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  • Print publication year: 2011
  • Online publication date: January 2020

6 - Gender and Sexuality: ‘Amygism’ and ‘H.D. Imagiste’


A fuller understanding of Imagism as a cultural formation requires attention to how the individual identities of the poets were formed and altered in the group identity of ‘Imagism’. The two female Imagists, Amy Lowell and H.D., were distinct from the other poets, in terms not only of their gender, but also that of their sexuality. Though H.D. married Aldington in 1913, she had already experienced an intense attachment to a female teacher, Frances Gregg, while still living in America. In 1918 H.D. met Bryher (Annie Winifred Ellerman), who was to become her lifelong companion, although H.D. also had later relation- ships with men. Amy Lowell first met the actress Ada Russell in 1912 and in 1914 Russell moved into Lowell's home at Sevenels, near Boston, remaining with her until Lowell's early death in 1925. The work of both women is marked by these various attachments and sexualities, with H.D.'s poems often exploring boundaries and borders, and much of Lowell's poetry exhibiting coded, and not so coded, forms of lesbian desire.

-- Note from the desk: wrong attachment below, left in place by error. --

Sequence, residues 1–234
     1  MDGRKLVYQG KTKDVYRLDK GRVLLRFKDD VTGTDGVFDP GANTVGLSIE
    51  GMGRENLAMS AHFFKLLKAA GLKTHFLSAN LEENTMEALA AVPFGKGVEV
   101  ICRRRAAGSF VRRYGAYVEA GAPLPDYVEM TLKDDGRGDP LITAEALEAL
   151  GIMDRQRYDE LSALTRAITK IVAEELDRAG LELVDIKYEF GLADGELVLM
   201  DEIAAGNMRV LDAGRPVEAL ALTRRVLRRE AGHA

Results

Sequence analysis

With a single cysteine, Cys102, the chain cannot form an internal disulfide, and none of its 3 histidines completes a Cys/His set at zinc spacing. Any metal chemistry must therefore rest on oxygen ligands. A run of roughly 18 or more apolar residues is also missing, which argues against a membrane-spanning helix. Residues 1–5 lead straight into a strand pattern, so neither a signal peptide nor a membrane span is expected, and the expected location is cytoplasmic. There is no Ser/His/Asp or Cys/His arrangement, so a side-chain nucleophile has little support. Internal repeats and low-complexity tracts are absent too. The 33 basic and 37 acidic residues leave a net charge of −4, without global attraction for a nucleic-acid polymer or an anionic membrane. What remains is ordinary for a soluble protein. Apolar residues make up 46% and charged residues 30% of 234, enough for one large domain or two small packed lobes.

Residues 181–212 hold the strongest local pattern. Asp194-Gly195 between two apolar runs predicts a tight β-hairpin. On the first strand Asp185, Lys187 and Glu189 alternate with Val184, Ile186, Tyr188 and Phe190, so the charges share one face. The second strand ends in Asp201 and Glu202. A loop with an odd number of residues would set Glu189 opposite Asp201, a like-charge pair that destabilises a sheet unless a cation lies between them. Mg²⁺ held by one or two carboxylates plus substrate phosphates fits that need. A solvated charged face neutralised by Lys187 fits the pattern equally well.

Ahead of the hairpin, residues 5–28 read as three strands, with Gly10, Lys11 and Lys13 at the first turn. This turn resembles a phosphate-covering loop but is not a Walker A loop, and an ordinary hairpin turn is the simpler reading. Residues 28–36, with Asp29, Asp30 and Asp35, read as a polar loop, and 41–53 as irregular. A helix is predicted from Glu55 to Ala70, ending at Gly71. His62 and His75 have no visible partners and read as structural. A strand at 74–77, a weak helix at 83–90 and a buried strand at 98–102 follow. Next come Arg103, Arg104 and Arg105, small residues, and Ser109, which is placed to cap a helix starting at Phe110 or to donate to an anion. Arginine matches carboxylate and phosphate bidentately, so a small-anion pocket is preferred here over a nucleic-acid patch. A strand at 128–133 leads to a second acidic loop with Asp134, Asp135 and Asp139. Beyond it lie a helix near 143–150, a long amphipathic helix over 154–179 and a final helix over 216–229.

It is only relatively recently that these issues of gender and sexuality have been seen to significantly alter our understanding of Imagism as a movement. Reading gender and sexuality into the Imagist formation also sheds new light on the internal dispute between Pound and Lowell. Pound's dislike of Lowell's version of Imagism (what he termed ‘Amygism’) cannot there- fore be merely viewed as an aesthetic disagreement. For example, Pound's criticism of Lowell, is deeply gendered in its terminology: ‘Amygism’, Pound wrote, displayed ‘sloppiness, lack of cohesion, lack of organic centre in individual poems, rhetoric’; H.D.'s verse, he suggested in 1917, also suffered from a lack of solidity due to the ‘flow-contamination of Amy and Fletcher’. Many aspects of Imagist theory, with its vocabulary of ‘concrète things’, ‘objectivité and ‘precision’, is thus implicitly gendered, associating poetry with a masculine perception of the craft of verse. However, if Pound viewed Lowell's version of Imagism as lacking these qualities, it cannot simply be attributed to his misogyny or homophobia, evident as these are in many places in his work. For one must remember that the ‘hard light, clear edges’ of Imagism was first used by Pound to describe the work of H.D. As Cyrena Pondrom has argued, the early poems of H.D. were the ‘models’ which ‘enabled the precepts of imagism to be defined’.